My mother passed away when I was slightly older than your son. I went to her grave regularly when I was a child. I didn’t find it cathartic, or comforting and I couldn’t equate the stories or pictures I had of her with (what I saw as) a rock, among a field of other rocks. As an adult I decided to remember her in a way if my choosing. I take a day off in the month of April (the month of her birthday and the day she died) and do something I think she would like. In years past I have done community gardening, gone on a long walk in a beautiful place, done some kind of act of service (soup kitchens etc). Since having a child of my own I do things with him that I think she would have enjoyed doing with us together. On Monday I am taking my son to a local pop up happiness museum.

    I say this, not to say that sitting on a bench is an inappropriate way of releasing your grief, but more to say that in the absence of the bench or ashes maybe you can start something new that you look forward to doing with your son that I am sure his father would have also enjoyed.

    Grief is a tricky bedfellow. You are going through it, at some point your son will go through it, your fiancé’s family is still going through it. Be kind to yourself.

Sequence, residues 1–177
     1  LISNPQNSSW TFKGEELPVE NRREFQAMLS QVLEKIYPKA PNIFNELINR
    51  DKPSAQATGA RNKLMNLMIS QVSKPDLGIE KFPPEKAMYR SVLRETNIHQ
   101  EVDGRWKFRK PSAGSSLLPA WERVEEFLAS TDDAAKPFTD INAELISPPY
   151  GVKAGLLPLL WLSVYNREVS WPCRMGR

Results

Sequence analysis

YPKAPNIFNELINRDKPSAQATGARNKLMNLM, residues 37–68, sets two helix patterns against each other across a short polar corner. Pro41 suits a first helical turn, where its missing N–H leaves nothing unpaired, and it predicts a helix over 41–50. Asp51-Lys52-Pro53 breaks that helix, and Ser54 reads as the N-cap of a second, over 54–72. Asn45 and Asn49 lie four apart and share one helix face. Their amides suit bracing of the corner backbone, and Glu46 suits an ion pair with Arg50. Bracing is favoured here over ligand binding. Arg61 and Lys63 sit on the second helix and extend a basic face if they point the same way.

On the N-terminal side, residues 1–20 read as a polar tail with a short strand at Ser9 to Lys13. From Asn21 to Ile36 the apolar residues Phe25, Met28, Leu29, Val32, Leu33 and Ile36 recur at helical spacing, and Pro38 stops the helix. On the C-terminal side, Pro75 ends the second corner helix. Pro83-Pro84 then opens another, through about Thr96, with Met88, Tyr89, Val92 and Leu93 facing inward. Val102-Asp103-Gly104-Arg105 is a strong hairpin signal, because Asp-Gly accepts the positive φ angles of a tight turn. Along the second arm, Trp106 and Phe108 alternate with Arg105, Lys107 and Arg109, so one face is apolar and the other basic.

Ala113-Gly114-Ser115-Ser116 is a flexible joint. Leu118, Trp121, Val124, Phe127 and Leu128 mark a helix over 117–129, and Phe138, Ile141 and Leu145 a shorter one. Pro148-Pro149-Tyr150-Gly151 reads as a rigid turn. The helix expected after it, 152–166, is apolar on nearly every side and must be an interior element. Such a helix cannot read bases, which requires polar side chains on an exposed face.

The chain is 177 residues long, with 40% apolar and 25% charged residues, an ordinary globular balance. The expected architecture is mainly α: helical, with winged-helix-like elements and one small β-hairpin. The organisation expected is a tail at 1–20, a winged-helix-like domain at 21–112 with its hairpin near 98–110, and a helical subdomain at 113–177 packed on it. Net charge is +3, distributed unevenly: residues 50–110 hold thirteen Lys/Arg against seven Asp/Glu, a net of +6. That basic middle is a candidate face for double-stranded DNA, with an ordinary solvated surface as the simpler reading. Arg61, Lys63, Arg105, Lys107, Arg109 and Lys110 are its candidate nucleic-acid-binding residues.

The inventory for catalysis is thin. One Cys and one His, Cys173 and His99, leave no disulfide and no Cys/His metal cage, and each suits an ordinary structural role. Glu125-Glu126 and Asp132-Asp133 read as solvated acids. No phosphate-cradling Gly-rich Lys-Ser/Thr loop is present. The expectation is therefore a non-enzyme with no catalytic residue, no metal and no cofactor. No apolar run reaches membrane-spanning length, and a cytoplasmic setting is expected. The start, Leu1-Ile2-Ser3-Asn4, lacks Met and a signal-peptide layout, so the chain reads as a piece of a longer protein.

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    • avatar

      Kali April 11, 2019, 2:27 pm

      I so agree with this.

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  • avatar

    dinoceros April 11, 2019, 1:12 pm

    LW1: I agree that you need to figure out what the issue is. But in the end, he’s an adult and he can make choices about how he wants to interact with his ex wife. If you don’t like those and feel that those are dealbreakers for you, you certainly can break up with him. I will say, though, that if everything else is fine (you seem to be implying that all the other issues are over and done with — I don’t know if that’s true or just wishful thinking), you do need to consider that in our society, divorced single moms often become impoverished when they reach retirement. Oftentimes, this is due to the fact that they were not fully employed during their kid’s childhood and, while married, this was fine, but when they are no longer married, they don’t have the safety net that other women do. It’s not always about manipulation or romantic interest if an ex husband helps out his ex wife who is in this situation. It can often be a way to avoid burdening their child with a too-early expectation of supporting themselves and a parent.

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  • Skyblossom

    Skyblossom April 11, 2019, 1:48 pm

    LW2 I’d find something to do that your fiance liked to do that is also something age appropriate for your son. It could be anything. If he liked to go bowling could you take your son for bumper bowling. Or maybe it would be fishing or a bike ride or going out for pizza or ice cream or shooting rockets or flying kites. I’d find something fun that you can share with your son and say that his daddy liked it too.